We next asked if native levels of PBP1A failed to restore spheroplast recovery because of two other complications, i.e., because PG synthesis was impeded by the accumulation of toxic undecaprenyl-diphosphate (Und-PP)-linked colanic acid (CA) intermediates (34) or by the depletion of Und-PP-linked peptidoglycan precursors (35, 36). In E. coli spheroplasts, the Rcs stress response is strongly induced and synthesizes a large amount of CA (34). This reaction may have redirected so much undecaprenyl-phosphate (Und-P) into the CA pathway that too few Und-PP-PG precursors were available for PBP1A. To rule out this possibility, we deleted wcaJ from an E. coli mutant lacking PBP1B, thus inhibiting the first step in CA biosynthesis and ensuring that no Und-PP intermediates could be drawn away from the PG synthetic pathway (34). However, spheroplasts lacking both PBP1B and CA did not recover (not shown), indicating that PBP1A activity was not inhibited by this pathway artifact. In addition, we overproduced the UppS protein, which increases the pool of Und-P (35, 36), but this also failed to rescue the spheroplast recovery of cells lacking PBP1B and CA (not shown). These results suggest that PBP1A activity was not limited by a buildup of lethal Und-P intermediates or by a dearth of Und-PP-linked precursors but was more likely caused by a difference in the function of PBP1A from that of PBP1B.
PBP1B is anchored to the inner membrane by a transmembrane helix and part of its GTase domain, with the active sites of its GTase and TPase domains being in the periplasm (37). These GTase and TPase domains are separated by the UB2H segment that interacts with the outer membrane lipoprotein LpoB, which activates PBP1B (38, 39). In the absence of a functional Tol-Pal system, Typas et al. speculated that a PBP1B-LpoB transmembrane complex might promote outer membrane constriction during division (38), though Markovski et al. later argued that this was not the case (40). In either case, since spheroplasts lacking either PBP1B or LpoB fail to divide (28), it was possible that this complex drives constriction during spheroplast recovery. Because removal of the UB2H domain prevents the PBP1B-LpoB association (37,–39), we used this abbreviated construct to determine if UB2H is required for spheroplast recovery. Spheroplasts lacking PBP1B but carrying the empty vector pAM238 did not divide but instead enlarged into large spheroids with periplasmic vacuoles and eventually lysed (Fig. 3A), as observed previously (28). When PBP1B was supplied in trans, the spheroplasts grew, divided, and gradually recovered their original rod shape (Fig. 3D). However, recovery did not occur if the spheroplasts were provided with PBP1B lacking the UB2H domain (Fig. 3E), strongly suggesting that recovery depended on PBP1B being able to associate with LpoB.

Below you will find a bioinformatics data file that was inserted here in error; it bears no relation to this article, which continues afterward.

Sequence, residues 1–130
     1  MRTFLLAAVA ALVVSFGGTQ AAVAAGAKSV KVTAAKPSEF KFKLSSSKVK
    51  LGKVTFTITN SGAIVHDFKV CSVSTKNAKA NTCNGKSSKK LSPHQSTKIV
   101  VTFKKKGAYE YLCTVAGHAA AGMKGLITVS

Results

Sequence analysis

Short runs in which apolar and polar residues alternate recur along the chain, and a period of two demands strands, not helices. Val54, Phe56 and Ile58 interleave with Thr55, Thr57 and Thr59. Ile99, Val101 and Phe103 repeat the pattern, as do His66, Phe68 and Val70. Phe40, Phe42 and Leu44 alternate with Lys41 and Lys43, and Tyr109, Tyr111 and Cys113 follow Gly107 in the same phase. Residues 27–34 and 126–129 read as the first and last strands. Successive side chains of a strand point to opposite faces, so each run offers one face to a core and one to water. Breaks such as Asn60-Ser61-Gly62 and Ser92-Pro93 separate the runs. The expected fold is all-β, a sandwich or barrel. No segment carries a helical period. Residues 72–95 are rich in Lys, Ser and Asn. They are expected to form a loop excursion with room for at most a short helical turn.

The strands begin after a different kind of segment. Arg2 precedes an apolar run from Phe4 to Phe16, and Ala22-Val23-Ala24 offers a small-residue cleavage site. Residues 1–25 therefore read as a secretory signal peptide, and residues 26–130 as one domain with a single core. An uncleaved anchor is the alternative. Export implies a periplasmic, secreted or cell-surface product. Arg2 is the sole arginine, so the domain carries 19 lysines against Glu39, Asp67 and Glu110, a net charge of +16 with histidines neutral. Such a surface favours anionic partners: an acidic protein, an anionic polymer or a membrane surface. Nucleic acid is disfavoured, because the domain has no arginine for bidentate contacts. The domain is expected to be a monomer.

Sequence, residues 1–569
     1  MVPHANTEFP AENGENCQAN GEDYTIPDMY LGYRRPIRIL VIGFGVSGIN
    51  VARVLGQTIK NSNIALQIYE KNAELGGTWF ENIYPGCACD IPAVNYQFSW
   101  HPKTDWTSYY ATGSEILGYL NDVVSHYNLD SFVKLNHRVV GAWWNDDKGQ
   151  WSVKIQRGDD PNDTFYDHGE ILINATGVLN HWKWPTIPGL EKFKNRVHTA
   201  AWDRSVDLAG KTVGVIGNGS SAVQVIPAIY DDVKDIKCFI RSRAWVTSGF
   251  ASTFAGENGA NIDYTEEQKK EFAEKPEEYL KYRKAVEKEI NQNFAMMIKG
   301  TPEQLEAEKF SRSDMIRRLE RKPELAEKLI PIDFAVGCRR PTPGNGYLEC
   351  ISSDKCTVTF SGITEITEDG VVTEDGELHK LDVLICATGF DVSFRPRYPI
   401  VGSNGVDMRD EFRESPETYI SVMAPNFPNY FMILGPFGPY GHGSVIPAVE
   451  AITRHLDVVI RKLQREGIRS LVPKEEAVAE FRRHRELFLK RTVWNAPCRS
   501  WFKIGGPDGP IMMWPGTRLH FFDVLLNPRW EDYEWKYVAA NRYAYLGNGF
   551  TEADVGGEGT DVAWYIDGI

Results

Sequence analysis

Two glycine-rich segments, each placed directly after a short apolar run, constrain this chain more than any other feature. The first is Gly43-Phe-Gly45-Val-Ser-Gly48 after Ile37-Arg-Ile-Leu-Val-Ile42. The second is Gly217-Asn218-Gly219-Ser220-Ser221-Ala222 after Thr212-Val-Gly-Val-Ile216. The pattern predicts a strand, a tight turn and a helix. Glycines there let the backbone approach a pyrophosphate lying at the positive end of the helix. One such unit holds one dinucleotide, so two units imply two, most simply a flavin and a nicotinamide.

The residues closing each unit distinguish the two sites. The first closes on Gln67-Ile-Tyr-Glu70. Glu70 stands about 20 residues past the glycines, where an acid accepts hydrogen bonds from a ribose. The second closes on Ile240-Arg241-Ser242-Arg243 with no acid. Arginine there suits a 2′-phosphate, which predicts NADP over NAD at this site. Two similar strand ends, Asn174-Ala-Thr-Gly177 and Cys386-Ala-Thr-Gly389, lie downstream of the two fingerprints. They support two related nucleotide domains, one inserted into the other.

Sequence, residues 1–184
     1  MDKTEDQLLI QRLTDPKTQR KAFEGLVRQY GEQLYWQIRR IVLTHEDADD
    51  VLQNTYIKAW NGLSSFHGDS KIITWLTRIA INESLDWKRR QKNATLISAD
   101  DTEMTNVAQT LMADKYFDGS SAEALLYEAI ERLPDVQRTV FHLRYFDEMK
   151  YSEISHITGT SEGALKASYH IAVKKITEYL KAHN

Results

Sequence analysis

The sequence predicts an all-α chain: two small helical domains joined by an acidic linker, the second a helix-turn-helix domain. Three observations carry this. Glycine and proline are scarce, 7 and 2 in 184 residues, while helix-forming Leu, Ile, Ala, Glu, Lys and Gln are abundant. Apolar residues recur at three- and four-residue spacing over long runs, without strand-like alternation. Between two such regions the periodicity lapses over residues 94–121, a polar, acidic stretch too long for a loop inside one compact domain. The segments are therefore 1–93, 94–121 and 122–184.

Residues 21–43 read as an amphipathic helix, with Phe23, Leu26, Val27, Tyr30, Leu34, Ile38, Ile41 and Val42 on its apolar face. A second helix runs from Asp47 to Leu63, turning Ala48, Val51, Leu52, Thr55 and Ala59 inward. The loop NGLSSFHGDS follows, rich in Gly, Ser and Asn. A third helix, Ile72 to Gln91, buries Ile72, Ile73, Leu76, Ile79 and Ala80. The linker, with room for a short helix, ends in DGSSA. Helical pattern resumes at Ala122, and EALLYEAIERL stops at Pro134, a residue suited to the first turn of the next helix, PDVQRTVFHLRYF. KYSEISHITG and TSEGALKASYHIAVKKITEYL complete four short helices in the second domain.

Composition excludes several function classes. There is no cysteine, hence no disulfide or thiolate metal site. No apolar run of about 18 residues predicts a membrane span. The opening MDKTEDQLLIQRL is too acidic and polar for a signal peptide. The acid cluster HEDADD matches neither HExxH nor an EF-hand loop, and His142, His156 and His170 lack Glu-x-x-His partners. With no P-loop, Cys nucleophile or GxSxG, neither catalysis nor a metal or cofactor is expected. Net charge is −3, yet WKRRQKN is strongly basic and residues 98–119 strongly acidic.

The preceding results could be explained in one of two ways: either PBP1B and LpoB must interact physically so as to help synthesize PG during cell division or the PBP1B-LpoB complex is required to invaginate the outer membrane. To distinguish between these alternatives, we first assayed spheroplast recovery in cells producing the LpoB-independent PBP1B variant with the E313D mutation [PBP1B(E313D)] (40). Spheroplasts producing PBP1B(E313D) and LpoB grew, divided, and recovered a normal rod shape (Fig. S2A). Surprisingly, cells producing PBP1B(E313D) but lacking LpoB did not divide but lysed instead (Fig. S2B). As expected, when LpoB was supplied in trans, these spheroplasts grew, divided, and gradually recovered a normal rod shape (Fig. S2C). Thus, the PBP1B-LpoB interaction is required for shape recovery, even though this PBP1B variant may be enzymatically active in the absence of LpoB.
We next examined spheroplasts in which PBP1B interacted with a variant of LpoB that is retained in the inner membrane (IM) instead of being transported to the outer membrane (the LpoB-IM variant) (38). Spheroplasts lacking LpoB but carrying the empty vector pDEV failed to divide and instead grew into spheroids and lysed (Fig. 3F), while spheroplasts expressing wild-type LpoB in trans divided and returned to normal rod shapes (Fig. 3G). In contrast, when LpoB-IM was supplied in trans, the mutant spheroplasts divided (Fig. 3H), indicating that a transperiplasmic interaction was not essential for invagination of these wall-less cells. However, these spheroplasts gave rise to misshapen, roughly spheroidal progeny that formed loosely packed microcolonies (Fig. 3H), characteristics equivalent to those observed when PBP1A was overproduced in cells lacking PBP1B (Fig. 3C). Although a few cells produced tube-shaped projections after 5 to 6 h (Fig. 3H, times 2:15 and 2:30), none of these regained a normal rod-like morphology during the observed time course (e.g., see Fig. S3). As an aside, we also established that the dispersed microcolony phenotype was caused by the production of extracellular CA, because CA-negative spheroplasts carrying LpoB-IM formed tightly packed microcolonies devoid of this translucent material (Fig. S3, upper right inset).